Mules - Review Photo

Anita Majumdar as Cindy (centre) goes to great lengths for Eva Barrie as Crystal (right) to finish her business in Mules. Tim Walker as Troy (left) learns the hard way that it’s sometimes just best to look the other way. Theatrefront’s renegade comedy cut with suspense and tragedy conceals the harrowing magnitude of gal pals looking out for one another.

A POOH-PLEXINGLY DIVINE DILEMMA

Truth be told, it wasn’t until the 5th time that TorontoStage.com writing staff passed through customs and were flagged for full body cavity searches that a decision was made to call it a day.

Yes, a call to friends in high places on our payroll would continue to provide a timely release as it has so many times before but there’s nothing wrong with quitting while you’re ahead.

The deal is definitely going down prudently in Beth Graham and Daniela Vlaskalic’s Mules where laughter and irony is arresting in one zany dialogue exchange after another.   It’s fringy and fabulous all bagged tightly for pure sensory pleasure.

Which is a feat unto itself in this knawing narrative that uses a Vancouver Airport bathroom as its single point of entry.

Yet it is here that two women with less than perfect pasts attempt to complete a transaction for a brighter tomorrow.

Anita Majumdar’s anxiety ridden Cindy is fixed on a problem free hand-off and grows increasingly impatient with Eva Barrie’s the naïve and airheaded Crystal who is not going to have it her way on this particular day. If there were ever two down and out souls that should never be in this kind of position together it’s this awkward duo and their grunt and groan interactions.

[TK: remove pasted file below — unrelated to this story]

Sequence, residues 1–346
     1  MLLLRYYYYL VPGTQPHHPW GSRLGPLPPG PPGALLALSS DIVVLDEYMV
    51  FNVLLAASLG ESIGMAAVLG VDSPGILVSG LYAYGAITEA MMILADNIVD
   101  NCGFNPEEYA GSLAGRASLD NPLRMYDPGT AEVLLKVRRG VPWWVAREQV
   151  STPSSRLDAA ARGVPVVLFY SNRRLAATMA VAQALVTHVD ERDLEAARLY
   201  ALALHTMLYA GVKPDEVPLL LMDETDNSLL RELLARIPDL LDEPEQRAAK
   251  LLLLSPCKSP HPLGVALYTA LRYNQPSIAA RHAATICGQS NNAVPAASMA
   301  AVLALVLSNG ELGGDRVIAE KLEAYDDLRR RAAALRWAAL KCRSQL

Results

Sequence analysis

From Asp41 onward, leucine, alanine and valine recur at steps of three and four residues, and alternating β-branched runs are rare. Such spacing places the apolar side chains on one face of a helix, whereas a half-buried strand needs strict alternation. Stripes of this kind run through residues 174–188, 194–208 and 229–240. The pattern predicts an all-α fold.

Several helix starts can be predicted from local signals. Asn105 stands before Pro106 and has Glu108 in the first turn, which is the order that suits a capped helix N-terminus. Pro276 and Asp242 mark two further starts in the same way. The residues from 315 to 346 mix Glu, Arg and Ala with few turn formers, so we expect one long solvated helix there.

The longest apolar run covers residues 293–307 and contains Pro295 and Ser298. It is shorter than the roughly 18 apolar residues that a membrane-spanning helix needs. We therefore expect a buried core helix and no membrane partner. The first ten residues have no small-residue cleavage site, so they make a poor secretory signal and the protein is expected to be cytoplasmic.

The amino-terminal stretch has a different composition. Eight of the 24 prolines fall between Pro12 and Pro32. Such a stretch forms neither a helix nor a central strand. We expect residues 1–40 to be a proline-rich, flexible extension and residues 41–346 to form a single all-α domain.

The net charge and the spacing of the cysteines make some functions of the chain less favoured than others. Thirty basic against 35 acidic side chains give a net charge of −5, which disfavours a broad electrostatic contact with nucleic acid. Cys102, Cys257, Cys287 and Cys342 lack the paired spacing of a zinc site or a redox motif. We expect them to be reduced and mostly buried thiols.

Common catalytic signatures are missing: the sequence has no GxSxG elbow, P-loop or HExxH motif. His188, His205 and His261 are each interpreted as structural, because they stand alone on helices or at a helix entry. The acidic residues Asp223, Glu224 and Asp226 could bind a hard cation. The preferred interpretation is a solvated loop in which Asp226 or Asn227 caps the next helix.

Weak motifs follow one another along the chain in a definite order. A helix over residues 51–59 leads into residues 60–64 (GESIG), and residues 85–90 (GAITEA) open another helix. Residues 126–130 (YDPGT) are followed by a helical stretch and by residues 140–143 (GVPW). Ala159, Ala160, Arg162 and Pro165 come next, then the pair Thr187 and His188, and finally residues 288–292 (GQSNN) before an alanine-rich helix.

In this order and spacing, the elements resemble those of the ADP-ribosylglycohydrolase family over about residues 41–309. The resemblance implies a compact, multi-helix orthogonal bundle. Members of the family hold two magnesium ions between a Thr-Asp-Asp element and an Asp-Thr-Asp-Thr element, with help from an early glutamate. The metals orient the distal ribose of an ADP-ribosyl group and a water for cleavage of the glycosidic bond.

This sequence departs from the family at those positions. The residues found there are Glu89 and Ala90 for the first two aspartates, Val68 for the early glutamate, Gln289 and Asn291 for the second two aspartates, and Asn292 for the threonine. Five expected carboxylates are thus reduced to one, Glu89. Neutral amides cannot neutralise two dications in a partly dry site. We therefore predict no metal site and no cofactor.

Director Vikki Anderson creates an overwhelming sense of urgency in this theatrical operation making sure both performers are entrenched in the pooh-plexingly divine dilemma in which their characters find themselves. When panic sets in that the high stakes import exercise may not transpire according to plan, the twisty production takes a surprising turn leading up to its unanticipated tragedy.

Who needs a sunny day in Vancouver when drug smuggling darkness can be far more appealing. A 90-minute three-hander like Mules is not only a kilo and a half of fun, it’s small theatre’s sleeper hit of February.

 

 

MULES by Beth Graham and Daniela Vlaskalic STREETCAR CROWSNEST, 345 Carlaw Avenue, Toronto DATES February 15 – March 2, 2019 TICKETS $16.95 – $28.25 theatrefront.com CAST Eva Barrie, Anita Majumdar and Tim Walker DIRECTOR Vikki Anderson SET Brandon Kleiman COSTUMES Lindsay Forde LIGHTING Jennifer Lennon SOUND DESIGN John Gzowski STAGE MANAGER Hilary Nichol

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